SSHRC will be attending the 84th Congress of the Association francophone pour le savoir (Acfas) at the Université du Québec à Montréal (UQAM) from May 9 to 13. The Congress will feature a debate on the preservation of urban heritage, and a symposium on the role of social sciences and humanities in innovation.
As part of a public event on May 12, the Director of the Institut du patrimoine at UQAM, Joanne Burgess—a 2015 SSHRC Impact Award finalist and winner of the Acfas André-Laurendeauprize in 2015—will participate in a debate on the future of the Hôtel-Dieu. She will be accompanied by a number of guests involved in heritage preservation in Montreal.
This is a contemporary issue that affects every city in Canada: what should be done with old, historic buildings? Who should take care of them? Burgess and the other participants will enable in-depth consideration of the heritage value of these buildings and what they contain. The debate will also stimulate thinking on our ability to convert this public heritage by integrating it into the modern urban fabric.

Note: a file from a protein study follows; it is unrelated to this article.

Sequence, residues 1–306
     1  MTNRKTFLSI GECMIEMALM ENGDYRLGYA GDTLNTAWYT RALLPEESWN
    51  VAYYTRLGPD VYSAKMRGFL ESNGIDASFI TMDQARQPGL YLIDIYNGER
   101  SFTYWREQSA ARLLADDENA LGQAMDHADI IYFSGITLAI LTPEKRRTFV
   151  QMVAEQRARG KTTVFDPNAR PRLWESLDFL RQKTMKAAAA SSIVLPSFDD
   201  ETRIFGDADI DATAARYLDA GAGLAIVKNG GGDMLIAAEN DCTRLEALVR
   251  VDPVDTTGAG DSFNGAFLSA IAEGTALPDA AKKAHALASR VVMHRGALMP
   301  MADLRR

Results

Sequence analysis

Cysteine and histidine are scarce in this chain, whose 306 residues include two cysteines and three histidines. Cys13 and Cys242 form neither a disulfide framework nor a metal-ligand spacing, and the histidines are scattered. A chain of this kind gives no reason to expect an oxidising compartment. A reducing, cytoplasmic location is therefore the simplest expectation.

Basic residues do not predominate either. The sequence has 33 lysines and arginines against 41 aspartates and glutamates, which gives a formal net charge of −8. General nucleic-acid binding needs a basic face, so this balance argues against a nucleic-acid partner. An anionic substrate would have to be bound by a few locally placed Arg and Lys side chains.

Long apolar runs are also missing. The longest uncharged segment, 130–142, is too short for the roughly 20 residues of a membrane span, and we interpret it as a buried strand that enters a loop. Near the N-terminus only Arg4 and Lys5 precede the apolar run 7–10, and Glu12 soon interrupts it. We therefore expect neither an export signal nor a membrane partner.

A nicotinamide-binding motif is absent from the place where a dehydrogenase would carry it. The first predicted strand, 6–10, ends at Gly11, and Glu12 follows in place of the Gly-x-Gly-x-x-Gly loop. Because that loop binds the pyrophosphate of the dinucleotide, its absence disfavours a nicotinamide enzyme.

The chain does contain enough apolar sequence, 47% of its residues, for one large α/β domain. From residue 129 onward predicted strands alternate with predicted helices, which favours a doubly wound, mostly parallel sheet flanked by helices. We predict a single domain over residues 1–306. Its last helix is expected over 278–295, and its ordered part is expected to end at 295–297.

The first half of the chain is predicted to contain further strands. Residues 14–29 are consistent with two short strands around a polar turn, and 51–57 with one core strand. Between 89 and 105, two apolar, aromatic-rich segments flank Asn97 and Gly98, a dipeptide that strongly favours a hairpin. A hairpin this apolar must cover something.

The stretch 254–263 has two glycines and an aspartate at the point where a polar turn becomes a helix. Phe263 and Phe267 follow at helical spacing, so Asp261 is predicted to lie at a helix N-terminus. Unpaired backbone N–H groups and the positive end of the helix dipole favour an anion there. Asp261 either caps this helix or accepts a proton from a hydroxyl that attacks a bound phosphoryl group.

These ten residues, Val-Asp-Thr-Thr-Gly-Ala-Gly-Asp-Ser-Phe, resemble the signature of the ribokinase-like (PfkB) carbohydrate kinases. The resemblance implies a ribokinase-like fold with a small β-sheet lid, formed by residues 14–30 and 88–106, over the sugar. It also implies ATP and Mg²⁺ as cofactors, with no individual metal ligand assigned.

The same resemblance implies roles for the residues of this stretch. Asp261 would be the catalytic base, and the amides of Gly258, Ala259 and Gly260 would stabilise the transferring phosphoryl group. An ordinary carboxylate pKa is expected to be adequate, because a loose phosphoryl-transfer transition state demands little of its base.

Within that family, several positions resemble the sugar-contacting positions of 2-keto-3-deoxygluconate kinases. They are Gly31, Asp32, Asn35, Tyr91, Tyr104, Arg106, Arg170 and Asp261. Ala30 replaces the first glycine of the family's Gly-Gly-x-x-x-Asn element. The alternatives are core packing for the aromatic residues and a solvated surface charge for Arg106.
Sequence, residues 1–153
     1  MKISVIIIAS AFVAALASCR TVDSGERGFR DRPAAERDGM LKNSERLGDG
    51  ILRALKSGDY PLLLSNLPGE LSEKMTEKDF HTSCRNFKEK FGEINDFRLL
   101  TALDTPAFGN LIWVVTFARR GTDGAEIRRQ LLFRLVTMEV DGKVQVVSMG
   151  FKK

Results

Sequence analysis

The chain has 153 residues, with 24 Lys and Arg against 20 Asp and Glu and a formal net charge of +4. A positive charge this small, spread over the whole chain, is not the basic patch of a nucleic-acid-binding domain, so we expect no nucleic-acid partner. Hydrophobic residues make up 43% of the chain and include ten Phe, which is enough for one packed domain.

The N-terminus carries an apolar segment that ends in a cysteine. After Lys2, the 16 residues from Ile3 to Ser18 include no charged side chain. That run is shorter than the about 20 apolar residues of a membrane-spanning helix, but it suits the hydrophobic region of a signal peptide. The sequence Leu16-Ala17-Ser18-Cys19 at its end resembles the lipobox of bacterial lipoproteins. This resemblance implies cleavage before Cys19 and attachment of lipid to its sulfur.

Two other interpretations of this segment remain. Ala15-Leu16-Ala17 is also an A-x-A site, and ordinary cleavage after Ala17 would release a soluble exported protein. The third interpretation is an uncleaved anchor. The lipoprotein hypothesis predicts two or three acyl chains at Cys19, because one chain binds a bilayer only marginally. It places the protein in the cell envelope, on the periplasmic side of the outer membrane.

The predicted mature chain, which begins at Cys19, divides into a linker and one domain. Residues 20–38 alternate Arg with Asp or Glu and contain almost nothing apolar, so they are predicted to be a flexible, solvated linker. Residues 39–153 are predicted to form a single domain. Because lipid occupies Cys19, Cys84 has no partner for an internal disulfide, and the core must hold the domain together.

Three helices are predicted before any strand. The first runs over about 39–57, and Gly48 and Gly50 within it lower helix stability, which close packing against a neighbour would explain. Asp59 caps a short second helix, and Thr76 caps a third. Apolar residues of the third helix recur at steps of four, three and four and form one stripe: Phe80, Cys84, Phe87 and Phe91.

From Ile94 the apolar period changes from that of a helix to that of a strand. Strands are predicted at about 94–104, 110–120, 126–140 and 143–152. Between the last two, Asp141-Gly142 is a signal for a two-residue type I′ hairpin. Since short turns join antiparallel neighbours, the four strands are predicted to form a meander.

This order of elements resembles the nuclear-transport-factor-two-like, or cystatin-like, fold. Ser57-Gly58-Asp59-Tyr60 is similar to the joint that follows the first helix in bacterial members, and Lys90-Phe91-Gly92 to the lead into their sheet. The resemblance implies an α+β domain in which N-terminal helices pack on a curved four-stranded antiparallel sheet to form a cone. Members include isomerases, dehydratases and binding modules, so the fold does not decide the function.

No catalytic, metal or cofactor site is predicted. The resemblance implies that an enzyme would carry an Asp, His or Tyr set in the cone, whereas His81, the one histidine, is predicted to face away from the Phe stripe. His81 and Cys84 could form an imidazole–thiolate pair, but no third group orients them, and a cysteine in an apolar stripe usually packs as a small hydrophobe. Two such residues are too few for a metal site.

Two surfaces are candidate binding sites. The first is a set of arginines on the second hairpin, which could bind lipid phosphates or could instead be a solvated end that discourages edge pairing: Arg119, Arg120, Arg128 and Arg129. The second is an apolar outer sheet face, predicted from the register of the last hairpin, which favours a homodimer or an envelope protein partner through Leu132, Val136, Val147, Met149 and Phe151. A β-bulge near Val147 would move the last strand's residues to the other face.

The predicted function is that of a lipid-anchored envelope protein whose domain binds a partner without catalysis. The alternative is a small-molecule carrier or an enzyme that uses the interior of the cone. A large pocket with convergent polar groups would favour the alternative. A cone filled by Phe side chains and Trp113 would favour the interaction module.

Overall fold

Burgess will also share her knowledge during a scientific tour of the Montreal neighbourhood commonly known as the “Centre-sud”. The director and her team from the SSHRC-funded project, Montréal, plaque tournante des échanges, have planned a discovery-filled tour of this neighbourhood focused on the early years of the 20th century.
Lastly, SSHRC-funded researchers will come together for a symposium on the role of social sciences and humanities in innovation, organized by the Fonds de recherche du Québec – société et culture, in collaboration with the Centre national de la recherche scientifique from France and SSHRC. SSHRC President Ted Hewitt, together with a number of SSHRC-funded researchers, will be on hand to take part in discussions on the contributions of 21st century humanities research in a constantly changing world.
The 84th ACFAS convention will host thousands of researchers and research users from about 30 countries. Over 200 symposia and more than 3,500 scientific papers are anticipated.